The death of Yasser Arafat and the fall of Saddam Hussein have changed the political landscape of the Middle East. Iraqis defied insurgent threats to vote in their first free election in a half century. Palestinians likewise queued to elect a new leader. The democratic wave spread fast. Lebanese outrage at the assassination of former prime minister Rafiq Hariri in February culminated in the end of Syria's long occupation and the demand for truly free elections.
The democratic wave has emboldened dissidents to voice unprecedented criticism against dictators. In Damascus, for example, Aktham Naisse openly called for the repeal of the emergency laws upon which the Syrian regime derives dictatorial power. In Libya, Fathi al-Jahmi, a former provincial official, challenged Muammar Gadhafi to hold contested elections. In Egypt, Ayman al-Nour likewise challenged President Hosni Mubarak.
Dictators have taken notice and adopted the rhetoric, if not the substance of democracy. While Saudi officials trumpet the kingdom's first-ever municipal elections, few Saudis have accepted as sufficient the resulting councils, which have neither legislative nor budgetary authority.
Iranian leaders have likewise co-opted the rhetoric of democracy. Ayatollah Ruhollah Khomeini repeatedly promised an Islamic democracy, even as he ushered in dictatorship. "By the time we learned what he meant, it was too late," a former revolutionary told me when I visited Isfahan in 1996. Iranian President Muhammad Khatami, labeled a reformer in the West, also twisted the meaning of democracy, when he wrote that he supported the concept, so long as only those with "several years of [Islamic] studies" could fully participate.
While American, European and Israeli officials remain cynical about democratic rhetoric emanating from dictatorships, many remain curiously blind to terrorist groups claiming a new commitment to the political process. On April 13, 2005, for example, White House spokesman Scott McClellan labeled Hamas candidates who won elections "business professionals," a curious moniker for members of a group responsible for the deaths of more than 400 Israelis in the past five years. European officials and American intellectuals have repeatedly engaged Hamas. At the height of the 2002 suicide bombing campaign against Israel, Alistair Crooke, a European Union security advisor, held talks with Hamas leader Sheikh Ahmed Yassin. Speaking before the Council on Foreign Relations last year, Crooke argued that Hamas could be a political partner.
Despite its harsh rhetoric about the war on terrorism, the Bush administration has also gone wobbly on Hezbollah, an organization responsible for the terrorist murder of more Americans than any other group prior to September 11, 2001. According to two former Central Intelligence Agency officials, President Bush authorized outreach to the group in the wake of the World Trade Center attack. The dialogue continued despite Hezbollah leader Hassan Nasrallah's October 2002 comment that "if they [the Jews] all gather in Israel, it will save us the trouble of going after them worldwide."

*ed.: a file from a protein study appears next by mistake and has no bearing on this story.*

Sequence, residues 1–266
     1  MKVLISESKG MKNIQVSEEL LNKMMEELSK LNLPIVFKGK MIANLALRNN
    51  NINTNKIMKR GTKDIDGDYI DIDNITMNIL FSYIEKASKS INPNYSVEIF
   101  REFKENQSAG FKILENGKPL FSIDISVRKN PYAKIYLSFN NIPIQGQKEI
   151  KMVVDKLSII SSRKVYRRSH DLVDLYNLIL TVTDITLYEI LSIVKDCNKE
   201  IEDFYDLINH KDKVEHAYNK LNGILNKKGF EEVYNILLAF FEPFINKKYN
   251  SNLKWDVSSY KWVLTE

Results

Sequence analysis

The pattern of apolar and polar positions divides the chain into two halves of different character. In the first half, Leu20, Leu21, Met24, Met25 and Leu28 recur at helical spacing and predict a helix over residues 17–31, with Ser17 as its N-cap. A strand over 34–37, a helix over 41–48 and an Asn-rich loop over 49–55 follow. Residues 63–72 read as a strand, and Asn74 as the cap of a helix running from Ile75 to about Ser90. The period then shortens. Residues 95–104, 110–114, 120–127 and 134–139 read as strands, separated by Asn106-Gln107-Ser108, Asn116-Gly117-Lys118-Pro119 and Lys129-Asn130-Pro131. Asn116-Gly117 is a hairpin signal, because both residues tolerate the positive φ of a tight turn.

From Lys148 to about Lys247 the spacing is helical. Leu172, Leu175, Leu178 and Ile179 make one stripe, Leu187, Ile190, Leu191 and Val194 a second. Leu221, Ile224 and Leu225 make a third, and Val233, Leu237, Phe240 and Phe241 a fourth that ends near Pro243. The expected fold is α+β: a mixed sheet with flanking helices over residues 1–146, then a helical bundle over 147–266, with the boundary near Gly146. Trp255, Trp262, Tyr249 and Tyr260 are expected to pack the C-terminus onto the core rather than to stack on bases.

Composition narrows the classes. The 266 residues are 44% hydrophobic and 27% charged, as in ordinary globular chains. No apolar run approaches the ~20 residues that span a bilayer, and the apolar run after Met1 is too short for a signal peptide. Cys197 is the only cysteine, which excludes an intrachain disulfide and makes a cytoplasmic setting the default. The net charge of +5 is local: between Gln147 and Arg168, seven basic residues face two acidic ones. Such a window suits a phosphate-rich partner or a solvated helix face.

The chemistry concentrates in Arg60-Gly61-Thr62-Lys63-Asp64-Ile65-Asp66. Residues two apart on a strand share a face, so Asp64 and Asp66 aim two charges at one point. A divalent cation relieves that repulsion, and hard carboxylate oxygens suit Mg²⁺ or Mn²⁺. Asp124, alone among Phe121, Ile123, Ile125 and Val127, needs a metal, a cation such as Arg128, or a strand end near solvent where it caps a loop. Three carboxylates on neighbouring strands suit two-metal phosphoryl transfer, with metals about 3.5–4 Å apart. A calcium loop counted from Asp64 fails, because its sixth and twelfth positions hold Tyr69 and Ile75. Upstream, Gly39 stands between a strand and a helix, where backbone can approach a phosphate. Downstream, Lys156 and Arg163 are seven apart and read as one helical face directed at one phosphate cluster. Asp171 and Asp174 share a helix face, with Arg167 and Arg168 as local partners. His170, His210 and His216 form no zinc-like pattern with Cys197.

In a March 15, 2005 press conference, Bush offered political redemption for Hezbollah if they laid down their arms. The failure of engagement became clear one month later when, in an interview with Beirut's Daily Star, a Hezbollah official both promised Palestinian fighters whatever "material support" they needed to fight Israel and also announced that Hezbollah would send deputies to Europe to engage politicians and promote the group's activities "as a resistance group and political party."
In Egypt, too, American officials have reached out to Islamists whose commitment to the democratic process is dubious. Asharq al-Awsat reported last month that American diplomats had held talks with the Muslim Brotherhood, a group whose armed wing is responsible for thousands of Egyptian deaths. Not long after the diplomats' visit, terrorists detonated a bomb in a popular market and sprayed a tourist bus with bullets.
Without fail, engaging terrorists backfires. On April 29, 2005, an Islamist Web site broadcast a speech by terrorist mastermind Abu Musab al-Zarqawi citing American outreach as evidence of weakness. "The severe blows you dealt this enemy, by the grace of Allah, forced America to beg for negotiations," he said.
While true democracy is the Achilles heel of Middle Eastern dictatorships, insincere commitment to democracy can undercut peace and security. The sincerity of terrorists should no more be trusted than that of dictators. They may adopt democratic rhetoric - but words are cheap.
Any organization that targets civilians for political gain should be irredeemable regardless of whether, like Hamas and Hezbollah, the group provides social services: If Oxfam or Save the Children blew up buses, they would be terrorist groups, not humanitarian organizations.
On May 2, Natan Sharansky resigned from Prime Minister Ariel Sharon's government, warning that failure to link Israeli concessions to Palestinian democratic reforms would "strengthen the forces of terror." American and European officials may praise advances in Palestinian democracy, but Sharansky is correct to call into question the sincerity of such rhetoric. After all, even as Middle Easterners genuinely strive for democracy, American and European officials have developed a track record of naively valuing rhetoric more than reality.
Ultimately, it will be Israeli lives on the line.
Michael Rubin, editor of the Middle East Quarterly, is a resident scholar at the American Enterprise Institute.